La Hougue Bie is a Neolithic ritual site which was in use around 3500 BC. Hougue is a Jèrriais/Norman language word meaning a 'mound' and comes from the Old Norse word haugr. The site consists of 18.6m long passage chamber covered by a 12.2m high mound. The site was first excavated in 1925 by the Société Jersiaise. Fragments of twenty vase supports were found along with the scattered remains of at least eight individuals. Gravegoods, mostly pottery, were also present. At some time in the past, the site had evidently been entered and ransacked.

In Western Europe, it is one of the largest and best preserved passage graves and the most impressive and best preserved monument of Armorican Passage Grave group. Although they are termed 'passage graves', they were ceremonial sites, whose function was more similar to churches or cathedrals, where burials were incidental. Since the excavations and restoration of the original entrance of the passage observations from inside the tomb at sunrise on the spring and autumn equinox have revealed that the orientation of the passage allows the sun's rays to shine through to the chamber entering the back recess of the terminal cell. Although many passage graves showed evidence of continued activity into the Late Neolithic period, La Hougue Bie was abandoned before that time.

On top of the mound were built two medieval chapels, one from the 12th century and the other from 16th century There is also a museum today.

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Caleb Jones (3 years ago)
Knowing that millions of people around the world would be watching in person and on television and expecting great things from him — at least one more gold medal for America, if not another world record — during this, his fourth and surely his last appearance in the World Olympics, and realizing that his legs could no longer carry him down the runway with the same blazing speed and confidence in making a huge, eye-popping leap that they were capable of a few years ago when he set world records in the 100-meter dash and in the 400-meter relay and won a silver medal in the long jump, the renowned sprinter and track-and-field personality Carl Lewis, who had known pressure from fans and media before but never, even as a professional runner, this kind of pressure, made only a few appearances in races during the few months before the Summer Olympics in Atlanta, Georgia, partly because he was afraid of raising expectations even higher and he did not want to be distracted by interviews and adoring fans who would follow him into stores and restaurants demanding autographs and photo-opportunities, but mostly because he wanted to conserve his energies and concentrate, like a martial arts expert, on the job at hand: winning his favorite competition, the long jump, and bringing home another Gold Medal for the United States, the most fitting conclusion to his brilliant career in track and field.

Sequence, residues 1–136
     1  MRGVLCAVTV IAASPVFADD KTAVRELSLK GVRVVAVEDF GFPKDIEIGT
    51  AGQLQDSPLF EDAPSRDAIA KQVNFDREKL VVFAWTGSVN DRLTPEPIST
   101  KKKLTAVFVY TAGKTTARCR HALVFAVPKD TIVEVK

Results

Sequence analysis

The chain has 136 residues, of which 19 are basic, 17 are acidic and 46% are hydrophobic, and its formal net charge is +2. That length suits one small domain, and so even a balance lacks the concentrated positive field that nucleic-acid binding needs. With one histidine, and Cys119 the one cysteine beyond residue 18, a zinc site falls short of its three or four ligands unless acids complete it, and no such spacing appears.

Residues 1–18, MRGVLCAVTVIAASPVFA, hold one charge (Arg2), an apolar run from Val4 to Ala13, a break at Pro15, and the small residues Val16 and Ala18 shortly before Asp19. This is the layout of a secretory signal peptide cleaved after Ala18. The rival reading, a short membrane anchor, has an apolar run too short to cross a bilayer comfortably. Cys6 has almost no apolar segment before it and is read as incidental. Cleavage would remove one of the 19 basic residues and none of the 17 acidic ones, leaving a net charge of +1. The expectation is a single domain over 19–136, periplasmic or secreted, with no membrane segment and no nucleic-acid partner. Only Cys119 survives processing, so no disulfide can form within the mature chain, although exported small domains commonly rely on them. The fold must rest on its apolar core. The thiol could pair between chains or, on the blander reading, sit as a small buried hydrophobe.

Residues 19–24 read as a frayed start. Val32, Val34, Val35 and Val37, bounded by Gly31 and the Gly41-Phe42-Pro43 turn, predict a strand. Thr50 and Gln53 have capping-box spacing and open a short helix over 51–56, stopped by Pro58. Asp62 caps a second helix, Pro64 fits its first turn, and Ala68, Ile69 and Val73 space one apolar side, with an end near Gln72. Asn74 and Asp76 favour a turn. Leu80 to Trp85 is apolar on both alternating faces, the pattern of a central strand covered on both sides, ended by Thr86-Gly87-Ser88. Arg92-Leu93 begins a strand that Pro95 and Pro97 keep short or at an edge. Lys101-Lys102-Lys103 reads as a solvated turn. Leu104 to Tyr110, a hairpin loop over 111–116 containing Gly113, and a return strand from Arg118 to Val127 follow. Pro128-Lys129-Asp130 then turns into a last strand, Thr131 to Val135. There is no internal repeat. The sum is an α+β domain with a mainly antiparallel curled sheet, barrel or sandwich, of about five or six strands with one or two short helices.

Ritch Emilee (3 years ago)
Older than the Pyramids! Fantastic place to see history that is older than history! Pretty much the best preserved passage grave in Europe.
Michael Mallalieu (3 years ago)
When we went it was at the end of the holiday season. It was very quiet not many people. I found it very interesting and moving especially the stone age burial where you could explore by yourself and the memorial to the people who built the tunnels and fortifications who died under the naxos very moving. If your going to visit jersey give this place a go and also the tunnels as well.
VALERIE PHILIPSON (3 years ago)
A very nice place. The tour guide was extremely informative and her talk was very easy to listen to, so many interesting points you may not pick up on by reading odd accounts. The museum was very good too.
Franklin MC (3 years ago)
Wonderful museum. Way more interesting than you'd expect, and very well put together. I would highly recommend if you are in Jersey for a few days - it's a lovely piece of local history.
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